"Right now, it's complicated...": Julianna Barwick interview
The Azores are a cluster of nine volcanic islands in the middle of the Atlantic Ocean, about 800 miles off the coast of Portugal. Though not quite a lost world (you can still get a Big Mac in a few places) they are very far away from real life – little, bubbling peaks of natural wonder. In the mountains of Sao Miguel, the largest of the islands, you can find gorgeous, greenish-blue lakes, fringed by nodding palms. On the west coast there are sweeping beaches of fine black sand. And in the east, if you’re lucky, you’ll spot another phenomenon – Julianna Barwick, Brooklyn-based producer of ghostly, reverb-heavy and strikingly beautiful choral arrangements, having a bit of a moment.
On a Wednesday evening in March I get just that lucky. I’m stood with her on an outcrop of jagged basalt rock, watching the sun go down behind walls of crashing mid-Atlantic waves. It’s not really the right time to ask any questions about her fifth album, ‘Will’, out in May. For example, why she’s moved away from layered vocal loops and towards stark piano motifs and pulsing synths on this latest record. In three days she’ll kick off a three month-long tour with a performance at Sao Miguel’s one and only music festival, Tremor. In this instant, however, I doubt that time and place are especially concrete concepts in Barwick's head.
"It was just the most visually stunning scene that I think I’ve ever encountered," she tells me, when we do get round to chatting, later on in her hotel. "The black lava rock, and the light blue of the ocean, and the boom of the crashing waves, and how everything was changing by the minute as the sun went down." Her eyes look a bit dewy through her J.Crew spectacles.
If I can’t quite match Barwick’s feeling for the natural world, I can at least empathise through her music. Her debut album 'The Magic Place’, out in 2011, was an ode to the forest landscape she experienced growing up in Louisiana. In 2012 she released ‘Believe You Me’ as Ombre, in collaboration with Helado Negro – an LP which made use of Spanish guitar on a Balearic voyage through watery, practically drowned sounds. "I’m strongly connected to the ocean," she muses. "It’s just the most powerful thing there is."
Now, with ‘Will’, Barwick’s come back to shore. For example, the song ‘Beached’ is a quiet, measured and unusually reverb-light piano piece. It’s matched in its sorrowful impact by another new track, ‘Heading Home’. I wonder, for someone who seems to float above the world, as Barwick does, what does home mean to her?
"Right now, it’s complicated," she says. "Because I don’t plan on being home, probably at all, for the next few months. Any home is far off in the future for me." How about her family, who now live in Oklahoma, do they bring her back to earth? "I love visiting them – it really helps sustain me. It’s a nice grounding feeling to go visit family and people you’ve known your whole life, and soak up all the positivity and love you need for your travels. But it’s not home to me."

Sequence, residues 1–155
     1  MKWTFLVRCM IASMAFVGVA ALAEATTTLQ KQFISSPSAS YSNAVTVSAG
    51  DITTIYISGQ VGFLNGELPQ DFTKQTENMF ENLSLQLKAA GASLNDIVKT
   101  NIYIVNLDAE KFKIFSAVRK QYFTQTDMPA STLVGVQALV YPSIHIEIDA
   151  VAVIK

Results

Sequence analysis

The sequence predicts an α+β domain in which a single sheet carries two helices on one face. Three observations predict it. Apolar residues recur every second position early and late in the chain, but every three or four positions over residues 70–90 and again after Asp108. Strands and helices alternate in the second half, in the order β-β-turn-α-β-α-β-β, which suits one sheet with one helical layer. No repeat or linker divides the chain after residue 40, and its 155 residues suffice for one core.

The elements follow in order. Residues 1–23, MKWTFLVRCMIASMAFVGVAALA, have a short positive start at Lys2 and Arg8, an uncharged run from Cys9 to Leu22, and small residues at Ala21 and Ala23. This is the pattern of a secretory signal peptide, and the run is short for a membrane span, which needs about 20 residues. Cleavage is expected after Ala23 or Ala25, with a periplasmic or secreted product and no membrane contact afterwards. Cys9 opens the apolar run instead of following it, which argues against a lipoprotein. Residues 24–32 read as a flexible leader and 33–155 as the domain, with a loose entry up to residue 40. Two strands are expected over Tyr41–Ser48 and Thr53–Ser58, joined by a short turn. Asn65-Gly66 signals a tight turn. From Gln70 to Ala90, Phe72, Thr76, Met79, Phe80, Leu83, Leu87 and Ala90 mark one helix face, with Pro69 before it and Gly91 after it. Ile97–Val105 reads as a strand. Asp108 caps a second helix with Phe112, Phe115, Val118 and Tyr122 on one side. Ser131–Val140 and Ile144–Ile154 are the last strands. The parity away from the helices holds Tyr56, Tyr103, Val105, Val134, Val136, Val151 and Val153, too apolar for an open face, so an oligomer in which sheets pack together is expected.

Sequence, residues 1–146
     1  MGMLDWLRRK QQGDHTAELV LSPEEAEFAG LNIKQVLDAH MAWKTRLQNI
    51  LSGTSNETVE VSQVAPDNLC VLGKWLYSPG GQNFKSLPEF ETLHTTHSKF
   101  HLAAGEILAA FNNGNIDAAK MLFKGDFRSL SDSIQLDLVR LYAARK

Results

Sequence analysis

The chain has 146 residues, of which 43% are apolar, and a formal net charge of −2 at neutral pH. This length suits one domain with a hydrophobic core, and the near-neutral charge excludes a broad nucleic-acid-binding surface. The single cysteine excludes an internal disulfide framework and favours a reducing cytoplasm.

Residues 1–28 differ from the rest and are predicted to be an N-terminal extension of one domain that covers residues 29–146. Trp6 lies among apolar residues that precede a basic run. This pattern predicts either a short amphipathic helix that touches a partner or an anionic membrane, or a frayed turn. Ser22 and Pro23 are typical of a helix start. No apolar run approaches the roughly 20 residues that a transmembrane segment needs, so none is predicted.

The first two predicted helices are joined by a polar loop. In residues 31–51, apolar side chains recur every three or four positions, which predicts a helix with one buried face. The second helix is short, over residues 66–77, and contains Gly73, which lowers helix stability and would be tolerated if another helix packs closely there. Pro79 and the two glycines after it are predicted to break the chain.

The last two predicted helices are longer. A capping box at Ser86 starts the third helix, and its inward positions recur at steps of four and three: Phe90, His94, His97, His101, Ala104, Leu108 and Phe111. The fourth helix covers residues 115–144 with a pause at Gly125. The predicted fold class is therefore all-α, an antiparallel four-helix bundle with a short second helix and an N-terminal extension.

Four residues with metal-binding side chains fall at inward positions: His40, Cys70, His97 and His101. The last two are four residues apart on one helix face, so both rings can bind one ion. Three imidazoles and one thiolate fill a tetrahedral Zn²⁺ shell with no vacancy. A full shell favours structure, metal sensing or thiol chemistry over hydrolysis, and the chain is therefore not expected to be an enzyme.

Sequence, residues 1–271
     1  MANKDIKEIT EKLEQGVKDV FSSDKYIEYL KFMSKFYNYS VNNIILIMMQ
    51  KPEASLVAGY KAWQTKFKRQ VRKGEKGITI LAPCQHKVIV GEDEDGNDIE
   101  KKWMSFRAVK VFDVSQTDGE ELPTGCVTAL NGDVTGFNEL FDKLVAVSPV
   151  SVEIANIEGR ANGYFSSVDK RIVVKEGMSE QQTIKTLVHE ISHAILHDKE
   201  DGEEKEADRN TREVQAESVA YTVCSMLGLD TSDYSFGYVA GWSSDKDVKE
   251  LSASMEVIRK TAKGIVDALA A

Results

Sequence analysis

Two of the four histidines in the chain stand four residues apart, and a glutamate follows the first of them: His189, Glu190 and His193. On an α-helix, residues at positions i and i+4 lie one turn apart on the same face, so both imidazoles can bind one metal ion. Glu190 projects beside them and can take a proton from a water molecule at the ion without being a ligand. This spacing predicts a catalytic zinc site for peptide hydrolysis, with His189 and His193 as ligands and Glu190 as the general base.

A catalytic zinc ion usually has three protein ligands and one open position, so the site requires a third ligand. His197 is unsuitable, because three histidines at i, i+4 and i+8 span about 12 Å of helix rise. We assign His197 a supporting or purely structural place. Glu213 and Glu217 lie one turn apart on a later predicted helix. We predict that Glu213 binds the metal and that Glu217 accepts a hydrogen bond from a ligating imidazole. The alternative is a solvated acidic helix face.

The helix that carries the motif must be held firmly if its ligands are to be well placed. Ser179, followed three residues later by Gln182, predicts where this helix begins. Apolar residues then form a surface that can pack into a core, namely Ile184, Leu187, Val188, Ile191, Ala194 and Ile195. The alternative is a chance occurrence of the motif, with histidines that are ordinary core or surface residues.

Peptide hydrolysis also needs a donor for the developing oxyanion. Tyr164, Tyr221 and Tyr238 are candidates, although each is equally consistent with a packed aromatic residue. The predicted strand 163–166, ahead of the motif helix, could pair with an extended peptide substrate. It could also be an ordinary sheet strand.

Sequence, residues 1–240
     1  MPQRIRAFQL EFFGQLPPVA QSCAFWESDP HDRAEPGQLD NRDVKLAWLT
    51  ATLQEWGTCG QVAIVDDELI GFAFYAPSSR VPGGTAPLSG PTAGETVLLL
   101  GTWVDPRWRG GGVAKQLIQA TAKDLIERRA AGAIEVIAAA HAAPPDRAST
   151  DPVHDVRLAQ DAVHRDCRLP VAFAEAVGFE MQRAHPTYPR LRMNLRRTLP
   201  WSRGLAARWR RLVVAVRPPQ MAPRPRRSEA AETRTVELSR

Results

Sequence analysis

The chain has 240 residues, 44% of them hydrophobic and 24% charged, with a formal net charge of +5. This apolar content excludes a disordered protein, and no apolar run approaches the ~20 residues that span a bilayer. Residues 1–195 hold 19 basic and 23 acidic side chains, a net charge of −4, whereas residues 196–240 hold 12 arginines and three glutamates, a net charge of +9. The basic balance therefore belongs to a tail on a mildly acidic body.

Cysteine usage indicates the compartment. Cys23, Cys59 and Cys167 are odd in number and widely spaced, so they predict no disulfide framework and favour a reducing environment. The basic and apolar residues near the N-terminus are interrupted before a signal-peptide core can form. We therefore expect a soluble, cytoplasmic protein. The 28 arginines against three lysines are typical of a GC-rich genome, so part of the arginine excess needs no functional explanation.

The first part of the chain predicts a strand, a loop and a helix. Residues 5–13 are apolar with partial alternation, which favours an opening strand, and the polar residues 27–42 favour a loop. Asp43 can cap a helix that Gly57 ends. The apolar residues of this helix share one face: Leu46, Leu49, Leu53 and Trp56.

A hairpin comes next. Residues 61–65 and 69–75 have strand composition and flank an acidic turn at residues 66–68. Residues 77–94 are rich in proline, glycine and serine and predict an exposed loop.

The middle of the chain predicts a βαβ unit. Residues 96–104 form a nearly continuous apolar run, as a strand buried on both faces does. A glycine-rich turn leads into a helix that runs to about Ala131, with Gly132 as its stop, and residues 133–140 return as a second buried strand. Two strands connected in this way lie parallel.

Drifting is what Barwick does, and it’s to the benefit of her music. When she began recording ‘Will’, her first step was to get away from Brooklyn. "I just went upstate, in New York, and was there by myself in a house for a week. It was snowy and kind of cosy, but really isolating at the same time. At the end of that week I was so ready to get back into civilisation – I didn’t like anything that I had made." It was only when she visited the Moog studios in Asheville North Carolina, and used electronics to add momentum to some of the tracks, that the music came into focus. "The sounds just worked together really well, and the Moog team are so kind and wonderful."
Nowadays Brooklyn doesn’t hold quite the same appeal as it once did for Barwick – as a place to live, or to be creative. "I think that that environment and that vibe served me really well for a bunch of years," she says. "The motivation to make stuff came when I started meeting people who were artists and musicians for real for real, and not doing 14 other jobs in order to make it in the city. That really inspired me to be independent, also."
"I made a bunch of records and I’ve toured a lot and now I feel like I want to be somewhere more chill," she adds.
She also wants to break out of the cycle of releasing albums – the churn of writing, recording and touring every few years. Her songs are often bittersweet, like the sad end to a good story, and it's not surprising that she’s moving into the film world. Terrence Malick just cut her a cheque to use a track from ‘The Magic Place’ in an upcoming film. Is there anyone else she’d love to work with?
"John Williams. That’s my number one dream. I sent him my music, but I don’t know if he got it." Barwick’s obsessed with the legendary composer of film scores for Star Wars, Indiana Jones and Empire Of The Sun. "His music is totally singular, and recognisable and moving," she goes on. "And I would just love to do anything with him. Like, carry his bag. The soundtrack to Empire Of The Sun was a huge, huge influence on me – my favourite song ever is the one the boy choir sings at the beginning of the film. It’s a Welsh lullaby, which Steven Spielberg picked because Christian Bale is Welsh."
Strangely enough, Barwick talking with enthusiasm about Christian Bale’s Welsh heritage is one of the few occasions where she’s properly in the room. The rest of the time she’s somewhere else – somewhere abstract and hard to pin down. Or maybe she’s just feeling the remoteness of this Azorean archipelago more acutely than I am. There might be solid rock under our feet, but Barwick sees that we're just dots on these islands, as these islands are just dots in the ocean. "It’s such a crazy thing to think about, being out here in the middle," she says. "I love the ocean very much, and think about it a lot, but having miles of water underneath you is also the most terrifying thought."